4. Keep some powder dry

In a bear market, stocks of both good and bad companies tend to go down, but good stocks are likely to recover and get back on the growth track.

A decrease in the price of a good, profitable company therefore presents a buying opportunity… But only for those who are in the position to take advantage of it.

Market downturns can produce great buying opportunities for the prepared investor. It can be a good idea to keep a watchlist of companies you’d like to own and do the preparation work in advance so you’re ready to act when the opportunity presents itself

Next, to ensure you’re able to pick up those relative bargains, ensure you keep some capital ready to be deployed when others are panicking and opportunities arise.

This cash also acts as a bolster against volatility in your portfolio, which can be important in time of uncertainty.

The most famous proponent of this is Warren Buffet. Berkshire Hathaway currently holds just under 39% of its assets as cash or cash equivalents, ready to take advantage of opportunities as they arise.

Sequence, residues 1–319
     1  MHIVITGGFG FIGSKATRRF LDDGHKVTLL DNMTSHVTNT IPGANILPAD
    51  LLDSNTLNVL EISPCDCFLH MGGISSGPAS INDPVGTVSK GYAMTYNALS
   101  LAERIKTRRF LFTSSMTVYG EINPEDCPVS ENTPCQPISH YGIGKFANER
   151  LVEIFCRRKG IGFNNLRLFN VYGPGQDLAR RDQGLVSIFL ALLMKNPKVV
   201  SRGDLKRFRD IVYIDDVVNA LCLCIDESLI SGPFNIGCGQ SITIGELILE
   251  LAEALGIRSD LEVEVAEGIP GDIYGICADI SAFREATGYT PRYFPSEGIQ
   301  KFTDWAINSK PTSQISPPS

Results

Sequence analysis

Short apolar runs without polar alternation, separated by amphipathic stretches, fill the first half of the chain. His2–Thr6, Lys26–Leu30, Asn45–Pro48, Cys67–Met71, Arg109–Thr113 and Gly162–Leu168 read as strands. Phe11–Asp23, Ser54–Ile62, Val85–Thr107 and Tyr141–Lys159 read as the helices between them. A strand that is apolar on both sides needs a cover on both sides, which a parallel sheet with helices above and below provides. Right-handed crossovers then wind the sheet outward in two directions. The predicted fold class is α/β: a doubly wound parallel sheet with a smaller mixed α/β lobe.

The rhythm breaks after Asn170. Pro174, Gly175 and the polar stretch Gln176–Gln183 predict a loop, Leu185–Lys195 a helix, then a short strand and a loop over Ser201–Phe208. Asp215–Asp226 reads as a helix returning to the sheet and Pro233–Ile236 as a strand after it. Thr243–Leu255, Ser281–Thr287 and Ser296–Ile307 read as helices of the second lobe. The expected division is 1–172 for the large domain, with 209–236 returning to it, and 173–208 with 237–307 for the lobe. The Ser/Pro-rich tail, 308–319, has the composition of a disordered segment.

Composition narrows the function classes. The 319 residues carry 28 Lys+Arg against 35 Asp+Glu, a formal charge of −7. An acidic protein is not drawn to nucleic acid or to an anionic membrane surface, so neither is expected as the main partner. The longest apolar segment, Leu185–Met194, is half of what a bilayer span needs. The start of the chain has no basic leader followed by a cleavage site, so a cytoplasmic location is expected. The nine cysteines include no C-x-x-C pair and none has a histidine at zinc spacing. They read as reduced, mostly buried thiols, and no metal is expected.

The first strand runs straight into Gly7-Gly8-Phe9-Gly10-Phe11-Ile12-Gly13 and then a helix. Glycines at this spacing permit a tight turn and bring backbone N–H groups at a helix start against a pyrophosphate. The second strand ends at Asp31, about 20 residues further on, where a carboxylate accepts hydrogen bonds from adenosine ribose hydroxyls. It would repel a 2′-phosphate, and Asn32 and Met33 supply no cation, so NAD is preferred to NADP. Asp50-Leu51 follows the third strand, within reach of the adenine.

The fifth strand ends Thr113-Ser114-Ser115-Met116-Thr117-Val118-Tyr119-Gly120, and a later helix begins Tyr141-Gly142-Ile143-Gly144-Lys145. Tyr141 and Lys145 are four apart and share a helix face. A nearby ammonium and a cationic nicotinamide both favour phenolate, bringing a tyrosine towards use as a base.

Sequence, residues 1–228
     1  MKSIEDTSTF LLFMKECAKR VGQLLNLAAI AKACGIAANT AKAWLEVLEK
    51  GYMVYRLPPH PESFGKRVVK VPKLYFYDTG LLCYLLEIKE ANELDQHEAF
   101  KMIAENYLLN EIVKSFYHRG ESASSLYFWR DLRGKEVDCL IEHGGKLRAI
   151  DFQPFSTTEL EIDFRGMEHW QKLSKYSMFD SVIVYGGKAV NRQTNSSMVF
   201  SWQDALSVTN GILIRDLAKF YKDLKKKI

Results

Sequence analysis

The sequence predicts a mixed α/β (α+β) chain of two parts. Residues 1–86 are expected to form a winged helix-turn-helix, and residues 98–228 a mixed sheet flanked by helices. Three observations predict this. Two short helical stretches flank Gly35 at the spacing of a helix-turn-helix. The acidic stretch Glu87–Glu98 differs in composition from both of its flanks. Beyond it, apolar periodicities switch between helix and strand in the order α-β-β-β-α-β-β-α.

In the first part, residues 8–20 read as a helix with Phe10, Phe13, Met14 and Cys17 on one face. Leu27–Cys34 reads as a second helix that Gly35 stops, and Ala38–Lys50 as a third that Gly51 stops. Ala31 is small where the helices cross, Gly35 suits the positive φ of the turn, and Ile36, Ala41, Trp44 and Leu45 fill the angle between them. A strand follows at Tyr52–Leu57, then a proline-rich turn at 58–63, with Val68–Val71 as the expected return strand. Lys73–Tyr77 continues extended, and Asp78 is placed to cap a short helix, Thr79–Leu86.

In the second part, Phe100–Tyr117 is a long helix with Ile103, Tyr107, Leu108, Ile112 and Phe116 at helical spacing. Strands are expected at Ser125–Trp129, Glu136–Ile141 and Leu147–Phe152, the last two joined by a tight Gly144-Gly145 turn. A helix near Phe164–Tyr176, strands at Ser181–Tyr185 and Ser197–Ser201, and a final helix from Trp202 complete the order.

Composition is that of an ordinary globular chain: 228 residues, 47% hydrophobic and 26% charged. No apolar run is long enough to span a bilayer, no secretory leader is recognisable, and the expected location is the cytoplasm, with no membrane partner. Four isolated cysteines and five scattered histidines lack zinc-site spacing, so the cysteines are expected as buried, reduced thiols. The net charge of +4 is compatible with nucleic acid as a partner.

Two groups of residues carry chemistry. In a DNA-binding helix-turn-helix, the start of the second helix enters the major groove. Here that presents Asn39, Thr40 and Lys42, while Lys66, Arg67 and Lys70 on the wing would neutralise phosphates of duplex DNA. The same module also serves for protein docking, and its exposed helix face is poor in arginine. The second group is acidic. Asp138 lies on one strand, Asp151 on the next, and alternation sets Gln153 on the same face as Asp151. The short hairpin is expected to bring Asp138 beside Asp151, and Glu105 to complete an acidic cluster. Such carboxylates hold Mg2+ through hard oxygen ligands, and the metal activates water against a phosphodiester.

5. Be ready to take action quickly

Anyone investing in equity markets should expect considerable volatility and have a prepared plan of what they will do when it happens. When the time comes to take action, you want to be able to do it quickly.

Ideally this means not fumbling between different websites to review updates and place trades. Not waiting until you are in front of a computer before taking action. Not trusting a platform that has a history of falling over in periods of high volume.

Marketech focus can link all of your accounts within the same platform (e.g. SMSF, individual account and family trust account), has built-in real-time news and alerts and allows you to rapidly sell and amend on the chart from any device.

Enter your details below to try the platform and ensure you’ve got the best possible tools you need for any trading conditions.

This content does not constitute financial advice, however any advice implied to be provided is general and does not take into account your objectives, financial situation or needs. You should consider whether any advice is suitable for you and your personal circumstances.